• This scene is fun and creative, taking full advantage of the fantasy setting for some wildly unique combat. From Legolas standing on dwarf heads to the dwarves chopping through a log bridge as they float by, this sequence is full of creative bits. Frankly, it is just thoroughly enjoying to watch, and if films ever forget to deliver that then they are doing something wrong. 

7. Battle of Osgiliath 

Sauron has been pushing back Gondor for years, and in his preparation to take Minas Tirith the city of Osgiliath must fall. 

  • In a film series full of epic fights with grand maneuvers and charges, this battle stands out for its gritty realism. Taking place in a city, instead of on a large field, the Battle of Osgiliath is full-blown chaos. Men are tripping over dead bodies, Faramir almost gets shot by his own troops, and the tight quarters divide the field into many overlapping conflicts. This battle is the closest LOTR comes to what modern warfare is like. 
  • The retreat from Osgiliath also points out that war is a lot less noble than we like to pretend. It doesn’t matter that the men of Gondor lost the battle. The Nazgul are still trying to wipe them out in their retreat. The “rules” of warfare do not apply here. 
  • Osgiliath is a great battle scene for its ability to exist in a fantasy setting and yet speak to what war is like in our own time. There is little order and no mercy. In its chaos and destruction, this battle highlights that total warfare has broken upon Gondor. 

6. Bilbo versus Gollum 

Part 1: 

5. Gandalf versus the Balrog

The fellowship is fleeing the mines of Moria, and there’s only one person who can stop the demon chasing them. Get ready for one of the most epic fantasy showdowns ever to grace the screen.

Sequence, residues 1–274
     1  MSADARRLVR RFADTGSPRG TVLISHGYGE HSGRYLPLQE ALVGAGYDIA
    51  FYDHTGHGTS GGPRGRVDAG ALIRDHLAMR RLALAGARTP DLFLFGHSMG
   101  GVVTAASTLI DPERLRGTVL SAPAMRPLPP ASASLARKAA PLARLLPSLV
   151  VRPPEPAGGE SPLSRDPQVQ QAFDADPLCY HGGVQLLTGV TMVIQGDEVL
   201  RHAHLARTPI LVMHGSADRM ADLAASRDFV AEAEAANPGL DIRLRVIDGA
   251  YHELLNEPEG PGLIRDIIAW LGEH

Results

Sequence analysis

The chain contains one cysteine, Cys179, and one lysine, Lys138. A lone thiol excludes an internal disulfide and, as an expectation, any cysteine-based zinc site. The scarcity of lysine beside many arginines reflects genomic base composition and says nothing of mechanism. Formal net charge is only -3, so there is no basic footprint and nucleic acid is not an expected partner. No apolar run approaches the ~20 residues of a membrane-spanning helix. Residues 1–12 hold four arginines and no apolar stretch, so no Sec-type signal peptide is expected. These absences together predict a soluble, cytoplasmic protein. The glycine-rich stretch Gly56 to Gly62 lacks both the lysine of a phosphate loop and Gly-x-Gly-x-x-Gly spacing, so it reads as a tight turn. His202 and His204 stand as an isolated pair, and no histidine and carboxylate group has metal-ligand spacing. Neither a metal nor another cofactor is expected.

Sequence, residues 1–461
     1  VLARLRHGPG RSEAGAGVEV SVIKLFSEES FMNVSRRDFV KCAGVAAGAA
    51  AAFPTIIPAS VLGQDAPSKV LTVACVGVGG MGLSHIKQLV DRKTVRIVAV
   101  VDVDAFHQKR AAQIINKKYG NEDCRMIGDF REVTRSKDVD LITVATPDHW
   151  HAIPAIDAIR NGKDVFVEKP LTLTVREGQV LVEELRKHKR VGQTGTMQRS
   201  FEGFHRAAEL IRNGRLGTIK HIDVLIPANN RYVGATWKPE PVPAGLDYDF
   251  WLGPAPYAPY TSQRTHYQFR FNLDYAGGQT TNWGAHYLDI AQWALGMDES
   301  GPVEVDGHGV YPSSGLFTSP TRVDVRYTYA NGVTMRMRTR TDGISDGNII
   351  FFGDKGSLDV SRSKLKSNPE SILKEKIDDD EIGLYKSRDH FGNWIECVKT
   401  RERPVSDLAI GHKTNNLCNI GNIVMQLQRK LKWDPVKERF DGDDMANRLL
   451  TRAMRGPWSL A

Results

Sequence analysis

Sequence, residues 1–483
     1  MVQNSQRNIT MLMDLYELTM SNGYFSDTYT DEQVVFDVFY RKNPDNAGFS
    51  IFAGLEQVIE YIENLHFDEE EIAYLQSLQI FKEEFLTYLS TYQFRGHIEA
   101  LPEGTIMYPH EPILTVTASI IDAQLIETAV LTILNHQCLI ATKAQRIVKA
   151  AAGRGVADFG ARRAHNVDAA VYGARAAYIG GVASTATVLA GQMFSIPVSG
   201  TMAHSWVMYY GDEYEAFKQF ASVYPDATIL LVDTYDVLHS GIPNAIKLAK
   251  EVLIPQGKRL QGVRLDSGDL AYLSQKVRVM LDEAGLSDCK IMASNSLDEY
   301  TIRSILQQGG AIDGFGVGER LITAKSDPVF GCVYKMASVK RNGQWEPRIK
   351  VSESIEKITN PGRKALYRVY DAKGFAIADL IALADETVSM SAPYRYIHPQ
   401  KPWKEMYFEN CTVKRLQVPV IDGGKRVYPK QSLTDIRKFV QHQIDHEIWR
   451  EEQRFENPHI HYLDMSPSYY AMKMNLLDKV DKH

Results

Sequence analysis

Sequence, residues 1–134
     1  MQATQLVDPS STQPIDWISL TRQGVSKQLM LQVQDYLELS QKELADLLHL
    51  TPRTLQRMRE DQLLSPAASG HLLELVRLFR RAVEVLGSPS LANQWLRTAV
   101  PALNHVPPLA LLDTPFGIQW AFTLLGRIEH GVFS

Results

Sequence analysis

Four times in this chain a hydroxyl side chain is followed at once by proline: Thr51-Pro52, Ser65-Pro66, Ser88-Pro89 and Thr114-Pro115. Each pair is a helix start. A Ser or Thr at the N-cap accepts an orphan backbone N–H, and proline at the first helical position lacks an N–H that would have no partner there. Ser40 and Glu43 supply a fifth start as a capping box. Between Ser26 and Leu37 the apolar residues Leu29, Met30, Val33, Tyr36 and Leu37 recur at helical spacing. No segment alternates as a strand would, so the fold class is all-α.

• Gandalf going toe to toe with a fiery demon will forever be an epic moment. His ability to halt the Balrog in its tracks with that memorable line “You shall not pass!” is full proof of the wizard’s strength. The forces of evil may be powerful, but good has some pretty heavy hitters as well. 
  • The prologue to the Two Towers shows us what happened after Gandalf’s fall in the first movie, and it is one amazing battle. Tumbling through the air, Gandalf and the Balrog grapple back and forth. Sparks fly as Gandalf cuts into the Balrog’s fiery skin. This is fantasy battling at its finest, and I have little to add because the scene speaks for itself. 

4. The Final Stand

Hoping to distract Sauron long enough for Frodo to destroy the ring, Aragorn leads the men of Gondor and Rohan into a final battle in front of the Black Gates. 

  • This is the last battle, and it could not be better. Our heroes are not fighting to win, but only to give Frodo a small chance. The stakes are high, the likelihood of victory low, yet when Aragorn charges the enemy followed immediately by Merry and Pippin, you  feel a thrill knowing that everyone is going to give this last fight their absolute all. 
  • This battle is all about defiance to the bitter end. The image of Aragorn’s army surrounded by Sauron’s forces is enough to convey just how very screwed our heroes are. But who cannot help but feel a rush of pride at that final charge? 
  • I find this battle so inspiring because it shows that fighting is not always about winning. Some things are about the struggle as much as the victory. This battle says we may not be able to win our freedom, but we refuse to lose it. This is the same defiance that has freed nations in our own world, and it is movingly executed in this final battle. 

3. Sam versus Shelob

Frodo and the ring are both in the hands (claws?) of Shelob, the massive spider. Even though Frodo has told Sam to leave, the ever-loyal gardener is not about to let Mr. Frodo go on alone. Now the fate of the world, and Frodo, rests with Sam. 

  • There is no shortage of great one on one fights in the Lord of the Rings, but this one is my absolute favorite.